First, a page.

Advocates predict between 6,000 and 12,000 students will participate in Illinois’ program. On the low end of that estimate, the $75 million in indirect state money would translate into an average $12,500 per student.
By contrast, the bill for general state aid to public schools last year came to $5 billion, dwarfing the potential cost of the scholarship program. On a per student basis, that aid to public schools translates to $2,725 a pupil.
That’s a fraction of total per pupil public school costs, which average out to $12,973.
The reason is that Illinois has historically foisted the lion’s share of school costs on to local property taxpayers.
Josh Cunningham, who follows school choice programs for the National Conference of State Legislatures, said it’s difficult to measure the fiscal impact in part because scholarship programs benefit only indirectly from state tax dollars.
“The savings are mostly at the state level,” he said. “And that's only if you have enough students enrolling in the scholarship program to offset the loss in revenue from the tax credit.”
Assessing the financial impact in Illinois could prove especially challenging because the state is now struggling to close a worst-in-the-nation spending gap between low and high wealth public school districts.
Emily Bastedo, the recently appointed senior education policy advisor to Gov. Bruce Rauner, said the governor sees the scholarship program as an “important tool” in extending choice to more families.
But she declined to comment on the potential fiscal impact to the state.
Under the Illinois program, expected to begin operating next year, students currently enrolled in private and parochial schools are eligible for the scholarships as well as those who switch from public schools.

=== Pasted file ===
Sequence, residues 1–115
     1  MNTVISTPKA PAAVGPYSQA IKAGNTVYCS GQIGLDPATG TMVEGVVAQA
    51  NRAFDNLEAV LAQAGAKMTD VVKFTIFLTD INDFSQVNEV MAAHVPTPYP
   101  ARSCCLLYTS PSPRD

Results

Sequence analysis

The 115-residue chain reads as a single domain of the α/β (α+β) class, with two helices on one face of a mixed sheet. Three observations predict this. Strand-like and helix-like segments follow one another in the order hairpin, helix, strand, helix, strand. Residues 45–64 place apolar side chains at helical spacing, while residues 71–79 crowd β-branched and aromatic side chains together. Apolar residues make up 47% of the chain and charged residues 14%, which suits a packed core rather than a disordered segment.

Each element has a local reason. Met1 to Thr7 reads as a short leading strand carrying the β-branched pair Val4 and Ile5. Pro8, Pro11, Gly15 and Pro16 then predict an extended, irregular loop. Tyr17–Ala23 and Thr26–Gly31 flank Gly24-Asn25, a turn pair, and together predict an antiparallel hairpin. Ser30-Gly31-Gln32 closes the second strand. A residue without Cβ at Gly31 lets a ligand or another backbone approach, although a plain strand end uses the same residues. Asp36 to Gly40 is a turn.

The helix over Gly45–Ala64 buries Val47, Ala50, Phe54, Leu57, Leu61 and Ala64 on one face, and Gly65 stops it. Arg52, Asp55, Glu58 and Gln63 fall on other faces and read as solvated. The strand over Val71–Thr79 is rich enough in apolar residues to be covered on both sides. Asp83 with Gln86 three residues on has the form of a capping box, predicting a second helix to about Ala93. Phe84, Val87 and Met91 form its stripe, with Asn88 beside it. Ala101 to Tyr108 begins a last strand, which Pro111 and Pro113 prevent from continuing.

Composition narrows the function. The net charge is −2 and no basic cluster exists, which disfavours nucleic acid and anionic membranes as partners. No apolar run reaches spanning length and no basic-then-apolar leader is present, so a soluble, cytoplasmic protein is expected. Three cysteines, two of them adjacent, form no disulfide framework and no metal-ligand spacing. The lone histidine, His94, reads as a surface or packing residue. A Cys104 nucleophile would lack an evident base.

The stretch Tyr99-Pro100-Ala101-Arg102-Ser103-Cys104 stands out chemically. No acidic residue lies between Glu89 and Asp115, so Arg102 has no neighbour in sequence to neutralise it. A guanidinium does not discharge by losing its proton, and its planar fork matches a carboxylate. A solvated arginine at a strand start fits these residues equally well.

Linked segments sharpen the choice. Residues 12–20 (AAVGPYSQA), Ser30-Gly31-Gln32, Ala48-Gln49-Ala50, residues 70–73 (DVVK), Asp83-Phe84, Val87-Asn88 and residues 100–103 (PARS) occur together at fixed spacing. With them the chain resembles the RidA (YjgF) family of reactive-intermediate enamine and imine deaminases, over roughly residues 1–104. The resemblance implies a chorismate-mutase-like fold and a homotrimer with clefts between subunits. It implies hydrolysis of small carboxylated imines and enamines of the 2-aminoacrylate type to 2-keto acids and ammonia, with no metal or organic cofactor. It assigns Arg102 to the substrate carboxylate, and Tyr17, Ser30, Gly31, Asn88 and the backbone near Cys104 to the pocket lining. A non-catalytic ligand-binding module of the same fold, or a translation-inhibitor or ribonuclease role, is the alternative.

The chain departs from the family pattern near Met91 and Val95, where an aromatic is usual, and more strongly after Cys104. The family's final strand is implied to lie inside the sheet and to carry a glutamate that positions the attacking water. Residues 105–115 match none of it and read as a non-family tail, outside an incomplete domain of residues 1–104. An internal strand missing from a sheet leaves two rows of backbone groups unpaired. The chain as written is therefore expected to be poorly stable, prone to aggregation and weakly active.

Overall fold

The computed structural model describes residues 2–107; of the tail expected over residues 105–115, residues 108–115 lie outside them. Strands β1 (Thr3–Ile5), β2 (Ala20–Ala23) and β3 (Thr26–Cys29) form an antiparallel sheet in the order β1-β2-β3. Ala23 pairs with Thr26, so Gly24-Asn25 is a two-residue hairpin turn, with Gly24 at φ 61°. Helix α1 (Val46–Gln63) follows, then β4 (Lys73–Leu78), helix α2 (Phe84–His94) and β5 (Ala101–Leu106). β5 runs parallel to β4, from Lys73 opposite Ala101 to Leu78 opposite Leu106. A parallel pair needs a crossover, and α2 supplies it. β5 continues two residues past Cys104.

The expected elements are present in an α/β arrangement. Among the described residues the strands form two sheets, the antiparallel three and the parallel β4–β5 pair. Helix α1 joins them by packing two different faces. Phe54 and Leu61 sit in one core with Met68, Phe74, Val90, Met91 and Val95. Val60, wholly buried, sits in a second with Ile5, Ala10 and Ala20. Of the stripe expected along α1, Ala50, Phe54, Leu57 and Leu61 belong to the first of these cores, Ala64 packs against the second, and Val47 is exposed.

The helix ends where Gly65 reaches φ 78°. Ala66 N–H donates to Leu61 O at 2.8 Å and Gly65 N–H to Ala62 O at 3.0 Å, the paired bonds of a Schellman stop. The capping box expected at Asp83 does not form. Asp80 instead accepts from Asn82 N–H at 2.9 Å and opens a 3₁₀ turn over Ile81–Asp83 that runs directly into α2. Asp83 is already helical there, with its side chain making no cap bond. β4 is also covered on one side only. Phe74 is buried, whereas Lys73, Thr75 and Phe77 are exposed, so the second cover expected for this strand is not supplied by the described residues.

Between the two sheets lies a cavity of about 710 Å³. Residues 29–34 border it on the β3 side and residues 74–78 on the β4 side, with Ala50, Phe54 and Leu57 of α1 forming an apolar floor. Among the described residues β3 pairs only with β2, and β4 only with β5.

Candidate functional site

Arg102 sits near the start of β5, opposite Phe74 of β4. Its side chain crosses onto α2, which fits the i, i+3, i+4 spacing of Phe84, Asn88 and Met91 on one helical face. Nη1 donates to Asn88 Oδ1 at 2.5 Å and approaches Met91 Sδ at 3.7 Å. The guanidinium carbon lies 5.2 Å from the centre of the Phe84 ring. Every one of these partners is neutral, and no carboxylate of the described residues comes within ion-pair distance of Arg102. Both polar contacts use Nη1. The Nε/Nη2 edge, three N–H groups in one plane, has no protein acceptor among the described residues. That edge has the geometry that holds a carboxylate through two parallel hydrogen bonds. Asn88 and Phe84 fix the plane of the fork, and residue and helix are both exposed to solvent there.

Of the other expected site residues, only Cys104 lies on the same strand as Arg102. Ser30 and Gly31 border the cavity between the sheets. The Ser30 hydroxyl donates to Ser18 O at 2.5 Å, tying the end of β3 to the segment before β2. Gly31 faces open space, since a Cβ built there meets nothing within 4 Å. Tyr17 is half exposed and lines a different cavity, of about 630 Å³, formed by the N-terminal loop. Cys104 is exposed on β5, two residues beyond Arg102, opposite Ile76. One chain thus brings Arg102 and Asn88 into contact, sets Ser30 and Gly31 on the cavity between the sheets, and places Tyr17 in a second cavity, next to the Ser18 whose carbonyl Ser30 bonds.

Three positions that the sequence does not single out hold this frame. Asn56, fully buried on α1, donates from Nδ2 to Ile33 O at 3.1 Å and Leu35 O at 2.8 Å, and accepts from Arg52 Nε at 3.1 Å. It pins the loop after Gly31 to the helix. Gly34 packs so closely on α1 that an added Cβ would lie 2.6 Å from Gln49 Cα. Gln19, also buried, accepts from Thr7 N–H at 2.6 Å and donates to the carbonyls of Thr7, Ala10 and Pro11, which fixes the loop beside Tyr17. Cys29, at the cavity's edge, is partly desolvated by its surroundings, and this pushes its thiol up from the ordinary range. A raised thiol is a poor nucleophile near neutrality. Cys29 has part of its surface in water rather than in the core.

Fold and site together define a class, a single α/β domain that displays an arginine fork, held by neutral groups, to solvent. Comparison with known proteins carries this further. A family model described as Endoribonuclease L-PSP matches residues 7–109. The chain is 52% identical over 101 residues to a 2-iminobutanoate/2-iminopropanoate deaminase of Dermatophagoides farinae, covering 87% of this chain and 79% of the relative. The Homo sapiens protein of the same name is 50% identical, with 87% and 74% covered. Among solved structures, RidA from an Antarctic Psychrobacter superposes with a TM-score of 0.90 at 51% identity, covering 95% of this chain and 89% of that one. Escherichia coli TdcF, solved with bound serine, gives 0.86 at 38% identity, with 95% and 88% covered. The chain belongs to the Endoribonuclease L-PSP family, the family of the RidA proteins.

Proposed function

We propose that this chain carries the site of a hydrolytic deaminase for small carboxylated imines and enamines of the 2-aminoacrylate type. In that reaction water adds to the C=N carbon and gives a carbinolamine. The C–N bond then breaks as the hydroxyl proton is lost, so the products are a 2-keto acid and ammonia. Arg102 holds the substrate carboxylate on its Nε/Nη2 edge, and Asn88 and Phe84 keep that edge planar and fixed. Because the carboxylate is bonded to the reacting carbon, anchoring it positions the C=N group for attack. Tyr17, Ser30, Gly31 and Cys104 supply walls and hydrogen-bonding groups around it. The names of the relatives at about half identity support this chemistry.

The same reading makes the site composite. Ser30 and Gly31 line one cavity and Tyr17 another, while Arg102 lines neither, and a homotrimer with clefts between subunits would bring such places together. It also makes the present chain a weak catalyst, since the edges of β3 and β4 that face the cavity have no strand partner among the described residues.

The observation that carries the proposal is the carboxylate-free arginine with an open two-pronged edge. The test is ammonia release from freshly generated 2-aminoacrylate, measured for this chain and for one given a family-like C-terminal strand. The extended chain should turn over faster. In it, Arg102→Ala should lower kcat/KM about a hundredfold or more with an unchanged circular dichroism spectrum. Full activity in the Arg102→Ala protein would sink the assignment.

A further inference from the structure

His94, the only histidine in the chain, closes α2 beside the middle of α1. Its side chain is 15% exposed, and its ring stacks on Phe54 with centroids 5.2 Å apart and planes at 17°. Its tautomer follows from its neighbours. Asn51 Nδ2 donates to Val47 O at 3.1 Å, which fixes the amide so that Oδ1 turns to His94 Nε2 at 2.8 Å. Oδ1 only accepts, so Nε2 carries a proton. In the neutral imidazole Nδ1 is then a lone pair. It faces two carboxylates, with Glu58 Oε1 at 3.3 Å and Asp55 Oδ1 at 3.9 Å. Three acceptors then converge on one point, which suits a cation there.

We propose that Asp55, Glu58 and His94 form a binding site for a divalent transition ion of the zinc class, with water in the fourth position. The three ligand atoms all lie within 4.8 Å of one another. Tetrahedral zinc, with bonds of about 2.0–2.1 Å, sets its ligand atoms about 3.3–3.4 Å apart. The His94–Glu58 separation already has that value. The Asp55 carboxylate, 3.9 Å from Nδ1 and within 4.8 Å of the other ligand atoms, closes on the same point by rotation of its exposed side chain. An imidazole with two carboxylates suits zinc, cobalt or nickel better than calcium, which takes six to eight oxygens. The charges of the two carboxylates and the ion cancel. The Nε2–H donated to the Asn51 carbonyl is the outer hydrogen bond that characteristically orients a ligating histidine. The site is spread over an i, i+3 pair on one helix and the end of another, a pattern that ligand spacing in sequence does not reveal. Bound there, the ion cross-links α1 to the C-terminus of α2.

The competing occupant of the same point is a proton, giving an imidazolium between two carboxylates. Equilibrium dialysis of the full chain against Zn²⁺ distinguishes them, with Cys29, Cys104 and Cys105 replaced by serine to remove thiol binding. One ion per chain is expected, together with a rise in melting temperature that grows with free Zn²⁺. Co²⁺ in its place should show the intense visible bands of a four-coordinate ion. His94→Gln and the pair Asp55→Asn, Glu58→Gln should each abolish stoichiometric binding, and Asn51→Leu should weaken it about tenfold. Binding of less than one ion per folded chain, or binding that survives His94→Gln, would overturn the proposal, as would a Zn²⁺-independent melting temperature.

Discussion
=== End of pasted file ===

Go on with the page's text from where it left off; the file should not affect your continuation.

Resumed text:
There are income restrictions, however. Students’ families must earn less than 185 percent of the federal poverty level, currently $45,510 for a family of four, to qualify for a full scholarship. Reduced scholarships will be available for those with family income up to 300 percent of the poverty level, with the cap rising in subsequent year for repeat recipients.
The program also gives preference to applicants who live in school districts with low-performing public schools. But students need not be enrolled in public school when they apply in order to qualify, meaning current private school enrollees could benefit.
Advocates say providing these scholarships is a matter of fairness, expanding school choice for low- and middle-income families.
Opponents, on the other hand, lambast the scholarships as part of a backdoor voucher scheme that siphons scarce public resources.
"[Private schools] want public dollars, they want public resources, but they don't want the same public accountability,” said Dan Montgomery, president of the Illinois Federation of Teachers. “That seems to me to be the height of hypocrisy."
Arizona launched the nation’s first tax-credit scholarship program in 1997 after legal challenges to a traditional voucher plan, according to EdChoice.
The U.S. Supreme Court upheld the constitutionality of an Ohio voucher program in 2002, but such plans have continued to face significant political and legal pushback, according to Hillel Levin, a law professor at the University of Georgia with a focus in education policy.
The constitutions of most states prohibit public funds from being directed toward religious institutions.
Tax-credit scholarship programs, however, have withstood legal challenges. That’s because they run on private funds donated by private individuals to independent, though state-sanctioned, scholarship-granting organizations.
But Levin, who examined existing tax-credit scholarship programs in a 2013 paper, believes they raise questions of accountability even while passing legal muster.
“Public schools have to serve everybody. They can't turn down people who are disabled. They can't turn down people who aren’t as smart or achieve less at school,” he said. “Once we've given [private schools] dollars that would otherwise go to public schools, it raises the question, what about the students who are going to be underserved? What about disabled students? Will they have their needs met?"